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Where now for Wales? The EU Continuity Bill and the Future of Devolution

19th March 2018


With the Assembly approving the General Principles of the Law Derived from the European Union (Wales) Bill, otherwise known as the EU Continuity Bill, the battle lines have been drawn over the devolution of powers post-Brexit. Huw Owen from Grayling’s Public Affairs Cardiff team analyses the impact of the forthcoming battle on the future on Wales.

So what is the Bill, and the argument surrounding it, all about? In a nutshell, it’s Brexit. The Welsh Assembly doesn’t believe that the Prime Minister and her team are going to get the best deal for Wales, whilst the Prime Minister and her team argue otherwise. The Welsh Government also says that EU powers that cross into devolved territory should immediately come to Wales, instead of being held, however temporarily, in Westminster. This means that the right to decide on new farming laws, for example, would reside immediately in Cardiff post Brexit.

The rhetoric coming from the Welsh Government on this issue has been nothing short of determined, with Finance Secretary Mark Drakeford, the Welsh Government’s lead on Brexit, saying the vote to leave the EU was “not a vote to roll back devolution”. Various other members of the Government, and opposition for that matter, have also been calling the EU (Withdrawal) Bill a “power grab.”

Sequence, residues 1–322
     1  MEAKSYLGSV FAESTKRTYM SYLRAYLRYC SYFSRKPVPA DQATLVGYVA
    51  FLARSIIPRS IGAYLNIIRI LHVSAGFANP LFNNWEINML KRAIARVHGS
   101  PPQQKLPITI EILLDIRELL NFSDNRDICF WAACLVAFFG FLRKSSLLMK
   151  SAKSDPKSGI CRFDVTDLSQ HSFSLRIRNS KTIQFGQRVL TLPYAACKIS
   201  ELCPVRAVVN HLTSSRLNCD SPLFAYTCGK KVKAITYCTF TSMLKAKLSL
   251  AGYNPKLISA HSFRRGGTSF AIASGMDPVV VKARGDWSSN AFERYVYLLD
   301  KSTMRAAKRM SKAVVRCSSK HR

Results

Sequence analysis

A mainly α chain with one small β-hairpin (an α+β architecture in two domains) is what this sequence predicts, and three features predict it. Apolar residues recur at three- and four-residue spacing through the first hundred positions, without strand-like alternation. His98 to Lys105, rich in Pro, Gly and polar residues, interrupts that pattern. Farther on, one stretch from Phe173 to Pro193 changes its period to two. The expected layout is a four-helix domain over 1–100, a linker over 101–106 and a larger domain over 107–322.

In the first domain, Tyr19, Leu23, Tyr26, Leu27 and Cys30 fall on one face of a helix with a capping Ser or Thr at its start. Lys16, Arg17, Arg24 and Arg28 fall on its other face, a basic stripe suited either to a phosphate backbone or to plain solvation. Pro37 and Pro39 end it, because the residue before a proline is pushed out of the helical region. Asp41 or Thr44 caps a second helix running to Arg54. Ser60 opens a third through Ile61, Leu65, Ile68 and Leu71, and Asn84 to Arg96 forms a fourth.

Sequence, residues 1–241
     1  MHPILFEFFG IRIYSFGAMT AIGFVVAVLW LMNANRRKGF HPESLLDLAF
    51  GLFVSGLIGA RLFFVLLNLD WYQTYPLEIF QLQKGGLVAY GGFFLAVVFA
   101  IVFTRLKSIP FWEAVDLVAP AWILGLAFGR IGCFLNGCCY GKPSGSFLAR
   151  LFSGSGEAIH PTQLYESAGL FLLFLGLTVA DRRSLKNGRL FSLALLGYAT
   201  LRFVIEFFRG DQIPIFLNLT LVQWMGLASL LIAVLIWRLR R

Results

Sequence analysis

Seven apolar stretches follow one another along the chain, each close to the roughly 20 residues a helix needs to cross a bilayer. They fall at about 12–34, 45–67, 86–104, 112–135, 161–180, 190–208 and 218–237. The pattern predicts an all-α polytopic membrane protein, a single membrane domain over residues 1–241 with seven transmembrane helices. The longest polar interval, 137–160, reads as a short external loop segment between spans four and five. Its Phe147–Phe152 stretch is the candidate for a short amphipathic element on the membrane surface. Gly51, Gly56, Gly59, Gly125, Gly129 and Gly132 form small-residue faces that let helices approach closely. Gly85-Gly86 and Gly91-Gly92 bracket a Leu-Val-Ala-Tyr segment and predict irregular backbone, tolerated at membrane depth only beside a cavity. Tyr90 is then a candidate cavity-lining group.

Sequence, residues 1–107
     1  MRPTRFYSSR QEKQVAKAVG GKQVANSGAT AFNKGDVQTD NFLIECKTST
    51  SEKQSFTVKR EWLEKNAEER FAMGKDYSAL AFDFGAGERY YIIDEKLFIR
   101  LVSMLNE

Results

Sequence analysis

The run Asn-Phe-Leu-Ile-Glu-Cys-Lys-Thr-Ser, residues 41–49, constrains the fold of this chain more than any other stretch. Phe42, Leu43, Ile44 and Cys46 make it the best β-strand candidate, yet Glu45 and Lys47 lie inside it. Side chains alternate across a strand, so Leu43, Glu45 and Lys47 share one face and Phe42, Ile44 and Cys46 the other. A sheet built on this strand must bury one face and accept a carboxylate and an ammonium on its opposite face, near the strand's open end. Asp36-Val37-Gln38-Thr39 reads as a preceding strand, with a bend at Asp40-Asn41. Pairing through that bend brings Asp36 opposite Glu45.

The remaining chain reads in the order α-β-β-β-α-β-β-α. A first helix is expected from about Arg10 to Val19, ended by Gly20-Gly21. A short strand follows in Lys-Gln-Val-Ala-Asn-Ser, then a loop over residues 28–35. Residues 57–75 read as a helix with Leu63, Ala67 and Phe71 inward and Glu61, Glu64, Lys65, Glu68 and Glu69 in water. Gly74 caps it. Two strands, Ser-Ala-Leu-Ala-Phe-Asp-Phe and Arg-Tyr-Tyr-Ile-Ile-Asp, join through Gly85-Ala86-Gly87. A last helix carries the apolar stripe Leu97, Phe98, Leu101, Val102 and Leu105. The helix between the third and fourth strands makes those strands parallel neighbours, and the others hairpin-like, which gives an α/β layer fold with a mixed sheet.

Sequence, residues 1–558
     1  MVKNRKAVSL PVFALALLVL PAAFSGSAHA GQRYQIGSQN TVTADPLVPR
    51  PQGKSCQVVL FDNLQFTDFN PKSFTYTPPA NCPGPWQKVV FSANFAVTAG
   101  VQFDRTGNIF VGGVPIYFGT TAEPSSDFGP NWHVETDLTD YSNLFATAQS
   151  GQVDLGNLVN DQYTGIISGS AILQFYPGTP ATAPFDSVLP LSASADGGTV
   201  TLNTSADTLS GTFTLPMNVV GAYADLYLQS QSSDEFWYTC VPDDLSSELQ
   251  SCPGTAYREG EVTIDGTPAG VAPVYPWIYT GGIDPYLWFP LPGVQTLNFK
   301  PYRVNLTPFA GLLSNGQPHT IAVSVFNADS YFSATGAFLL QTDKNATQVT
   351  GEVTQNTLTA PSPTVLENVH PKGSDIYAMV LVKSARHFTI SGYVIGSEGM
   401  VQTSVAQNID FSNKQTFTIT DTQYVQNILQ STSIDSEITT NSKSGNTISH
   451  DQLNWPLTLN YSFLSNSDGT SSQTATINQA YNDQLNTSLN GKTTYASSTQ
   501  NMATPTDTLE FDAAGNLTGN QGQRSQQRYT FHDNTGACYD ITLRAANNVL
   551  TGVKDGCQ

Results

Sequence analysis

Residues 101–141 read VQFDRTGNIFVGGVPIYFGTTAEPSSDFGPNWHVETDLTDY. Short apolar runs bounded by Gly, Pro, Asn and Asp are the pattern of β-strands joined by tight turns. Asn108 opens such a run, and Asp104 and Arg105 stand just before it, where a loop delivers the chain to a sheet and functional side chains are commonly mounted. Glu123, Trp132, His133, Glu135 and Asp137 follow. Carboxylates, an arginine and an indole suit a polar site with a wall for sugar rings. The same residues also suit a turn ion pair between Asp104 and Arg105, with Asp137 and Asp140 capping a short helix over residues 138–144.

With Mark Drakeford and the Government seeing fit to fast track the bill, potentially passing its final stage as early as the 21st March, the Welsh Ministers are clearly laying down a challenge to the UK Government. Of course, the two administrations have had constitutional challenges before, however, these have usually been the result of minor quibbles relating to very specific areas of devolved competence. Never before has the Welsh Government laid such a challenge at the door of Westminster, and this hints at a new era of confidence in the Cardiff Bay.

With 2019 marking 20 years since the first sitting of the Assembly, and plans afoot to change the name to some form of ‘Parliament’, no one can question that the institution is reaching a new form of maturity. Like a teenager growing into a young adult, this comes with a new found swagger – and Brexit is the perfect way for the Welsh Government to show how much it has grown up. 

It remains to be seen whether the confidence of maturity stays in the Welsh Government, or dissipates if Westminster puts it foot down to assert its constitutional position as the Parliament supreme in the UK.

What is clear though, is that Brexit has forced the Welsh Government’s hand. Not only in terms of legislation and attempting to protect the EU laws, regulations and funding that do so much for Wales and its economy, but also in terms of maturing and growing as an institution, and a grown-up Parliament.


Grayling Team

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